Example: Learning Objective = Building 20 cocktails simultaneously and serving them at relatively the same dilution, temperature and time with minimal redundancy.

  1. Begin the lesson by teaching how to think about cocktails by their families, shared ingredients shared preparation method, then glassware.
  2. Secondly, set up glassware in this logical order in front of mixing glasses and tins you are preparing the cocktail in (glassware acts as a mnemonic) and ice down/chill appropriate glassware.
  3. Third, starting with the least expensive ingredients (bitters, citrus, simples, muddled elements) begin building cocktails from left to right, pouring each ingredient into each deserving cocktail before putting the ingredient away.
  4. Fourth, repeat with the next more expensive/more voluminous ingredients until all recipes are complete.
  5. Fifth, muddle warranted cocktails.
  6. Sixth, ice down appropriate waiting glassware and mixing glasses for stirred cocktails, then ice down tins for shaken cocktails (everything is chilling and diluting now).
  7. Seventh, shake cocktails from left to right, add soda/champagne when appropriate, then strain/double strain into glass, hustle to next tins to shake (remember less time required since they’ve been on ice for a bit, the goal is now integration more than dilution and temperature).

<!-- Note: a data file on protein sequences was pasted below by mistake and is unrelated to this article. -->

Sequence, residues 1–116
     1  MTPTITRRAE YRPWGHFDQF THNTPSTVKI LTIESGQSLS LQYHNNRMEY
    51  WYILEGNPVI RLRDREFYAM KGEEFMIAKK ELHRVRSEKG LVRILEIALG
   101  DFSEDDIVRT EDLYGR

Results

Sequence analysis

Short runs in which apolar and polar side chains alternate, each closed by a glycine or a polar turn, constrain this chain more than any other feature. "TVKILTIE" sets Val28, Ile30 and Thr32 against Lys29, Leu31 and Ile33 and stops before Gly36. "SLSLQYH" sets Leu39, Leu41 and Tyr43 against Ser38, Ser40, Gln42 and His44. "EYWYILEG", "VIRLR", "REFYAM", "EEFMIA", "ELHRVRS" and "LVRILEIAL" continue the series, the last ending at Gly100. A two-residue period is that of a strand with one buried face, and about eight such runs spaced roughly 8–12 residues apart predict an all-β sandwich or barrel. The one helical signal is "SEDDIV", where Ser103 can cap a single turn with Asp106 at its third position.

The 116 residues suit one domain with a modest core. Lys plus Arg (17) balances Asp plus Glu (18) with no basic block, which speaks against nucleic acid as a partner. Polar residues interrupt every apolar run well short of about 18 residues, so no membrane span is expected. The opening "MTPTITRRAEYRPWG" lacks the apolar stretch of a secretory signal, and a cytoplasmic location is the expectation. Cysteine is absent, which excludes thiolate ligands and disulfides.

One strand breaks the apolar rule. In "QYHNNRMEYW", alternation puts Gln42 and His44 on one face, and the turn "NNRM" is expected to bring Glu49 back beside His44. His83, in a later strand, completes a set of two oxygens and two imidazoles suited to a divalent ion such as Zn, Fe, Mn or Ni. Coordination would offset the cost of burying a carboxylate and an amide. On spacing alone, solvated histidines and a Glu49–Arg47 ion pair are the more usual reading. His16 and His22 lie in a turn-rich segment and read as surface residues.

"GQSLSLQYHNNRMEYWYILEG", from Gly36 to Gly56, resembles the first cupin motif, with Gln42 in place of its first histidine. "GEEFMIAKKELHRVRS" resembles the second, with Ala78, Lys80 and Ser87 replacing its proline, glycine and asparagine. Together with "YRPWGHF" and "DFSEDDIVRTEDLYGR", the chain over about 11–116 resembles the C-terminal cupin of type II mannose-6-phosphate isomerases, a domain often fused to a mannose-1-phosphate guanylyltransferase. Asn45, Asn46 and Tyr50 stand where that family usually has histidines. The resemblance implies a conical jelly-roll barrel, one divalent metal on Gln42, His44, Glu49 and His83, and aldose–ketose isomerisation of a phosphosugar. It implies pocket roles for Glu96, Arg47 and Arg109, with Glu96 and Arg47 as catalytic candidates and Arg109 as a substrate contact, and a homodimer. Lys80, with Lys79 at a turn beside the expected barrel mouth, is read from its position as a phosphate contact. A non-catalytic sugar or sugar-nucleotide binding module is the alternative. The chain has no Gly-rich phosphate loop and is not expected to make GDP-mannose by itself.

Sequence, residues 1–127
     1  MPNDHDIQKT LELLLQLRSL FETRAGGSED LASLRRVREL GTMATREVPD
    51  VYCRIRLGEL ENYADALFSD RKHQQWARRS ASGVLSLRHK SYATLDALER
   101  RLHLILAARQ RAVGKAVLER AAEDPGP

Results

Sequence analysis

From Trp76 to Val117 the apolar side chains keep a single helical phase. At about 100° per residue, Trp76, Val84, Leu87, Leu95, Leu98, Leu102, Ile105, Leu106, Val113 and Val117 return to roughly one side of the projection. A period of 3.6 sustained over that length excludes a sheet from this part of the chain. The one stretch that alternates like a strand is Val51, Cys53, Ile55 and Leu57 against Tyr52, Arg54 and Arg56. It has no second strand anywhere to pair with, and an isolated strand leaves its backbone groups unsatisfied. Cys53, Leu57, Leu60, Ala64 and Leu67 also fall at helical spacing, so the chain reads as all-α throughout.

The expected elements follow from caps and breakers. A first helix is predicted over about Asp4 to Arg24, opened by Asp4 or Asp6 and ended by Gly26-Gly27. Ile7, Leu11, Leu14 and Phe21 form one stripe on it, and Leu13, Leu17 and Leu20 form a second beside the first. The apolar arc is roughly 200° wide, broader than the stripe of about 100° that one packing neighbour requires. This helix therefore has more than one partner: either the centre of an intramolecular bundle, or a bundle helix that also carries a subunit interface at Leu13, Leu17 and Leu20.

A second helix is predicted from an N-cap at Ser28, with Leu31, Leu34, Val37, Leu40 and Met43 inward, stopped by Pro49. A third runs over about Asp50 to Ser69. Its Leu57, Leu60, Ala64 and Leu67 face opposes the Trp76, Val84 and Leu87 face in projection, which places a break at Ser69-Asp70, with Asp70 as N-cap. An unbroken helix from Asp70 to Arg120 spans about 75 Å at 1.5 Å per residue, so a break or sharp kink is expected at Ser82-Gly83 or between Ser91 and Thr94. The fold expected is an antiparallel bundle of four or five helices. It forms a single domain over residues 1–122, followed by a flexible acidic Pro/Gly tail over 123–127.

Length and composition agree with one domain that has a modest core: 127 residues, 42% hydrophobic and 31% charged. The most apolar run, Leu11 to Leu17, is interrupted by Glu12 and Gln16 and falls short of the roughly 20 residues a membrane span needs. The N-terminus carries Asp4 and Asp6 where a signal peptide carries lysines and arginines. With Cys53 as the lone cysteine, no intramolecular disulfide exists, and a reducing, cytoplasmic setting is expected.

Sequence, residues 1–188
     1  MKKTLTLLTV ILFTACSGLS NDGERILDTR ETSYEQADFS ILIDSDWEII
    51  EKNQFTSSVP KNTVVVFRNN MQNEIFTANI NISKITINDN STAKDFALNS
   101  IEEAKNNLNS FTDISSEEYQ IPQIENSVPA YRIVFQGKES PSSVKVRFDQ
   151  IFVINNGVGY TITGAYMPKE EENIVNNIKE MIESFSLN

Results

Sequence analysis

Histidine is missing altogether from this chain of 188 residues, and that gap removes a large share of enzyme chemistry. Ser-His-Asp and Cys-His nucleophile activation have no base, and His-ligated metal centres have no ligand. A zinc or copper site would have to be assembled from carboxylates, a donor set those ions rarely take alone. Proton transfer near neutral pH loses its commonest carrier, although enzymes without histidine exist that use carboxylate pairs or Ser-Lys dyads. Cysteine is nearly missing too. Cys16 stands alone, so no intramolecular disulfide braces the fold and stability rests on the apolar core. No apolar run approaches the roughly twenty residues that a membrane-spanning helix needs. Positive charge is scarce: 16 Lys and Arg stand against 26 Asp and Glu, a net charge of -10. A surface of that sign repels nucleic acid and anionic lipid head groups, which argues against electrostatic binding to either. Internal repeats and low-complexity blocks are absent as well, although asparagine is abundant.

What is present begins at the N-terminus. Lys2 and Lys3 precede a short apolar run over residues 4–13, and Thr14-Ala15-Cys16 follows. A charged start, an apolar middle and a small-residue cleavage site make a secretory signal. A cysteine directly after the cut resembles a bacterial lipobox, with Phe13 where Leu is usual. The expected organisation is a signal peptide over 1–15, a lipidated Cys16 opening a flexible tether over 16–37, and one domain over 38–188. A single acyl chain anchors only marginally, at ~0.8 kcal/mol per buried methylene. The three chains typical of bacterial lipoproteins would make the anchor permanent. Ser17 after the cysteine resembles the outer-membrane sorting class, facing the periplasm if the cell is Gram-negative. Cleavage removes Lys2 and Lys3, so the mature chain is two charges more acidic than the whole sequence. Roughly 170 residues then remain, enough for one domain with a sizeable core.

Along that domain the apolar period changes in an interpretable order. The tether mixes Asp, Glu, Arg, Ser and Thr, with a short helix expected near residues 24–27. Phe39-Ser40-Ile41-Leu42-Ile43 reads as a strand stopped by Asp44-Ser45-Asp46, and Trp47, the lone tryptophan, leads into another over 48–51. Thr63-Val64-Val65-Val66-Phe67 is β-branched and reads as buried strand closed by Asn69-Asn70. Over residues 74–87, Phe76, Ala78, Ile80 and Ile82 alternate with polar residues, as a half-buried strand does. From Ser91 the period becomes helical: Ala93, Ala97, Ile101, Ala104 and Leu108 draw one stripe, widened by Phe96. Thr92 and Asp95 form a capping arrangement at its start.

8. Eighth, empty chilling glassware and stir appropriate cocktails (look at dew on side of the glass to estimate the duration of the stir, should require less time as they’ve been on ice, now you only need to integrate ingredients).
  9. Ninth, strain into glassware and garnish, then straw appropriate cocktails.
  10. Tenth, serve with a smile and collect your money.

Now, that was long winded but with intent. You must deconstruct your learning outcome into independent functional pieces that when placed in order lead your staff to your goal.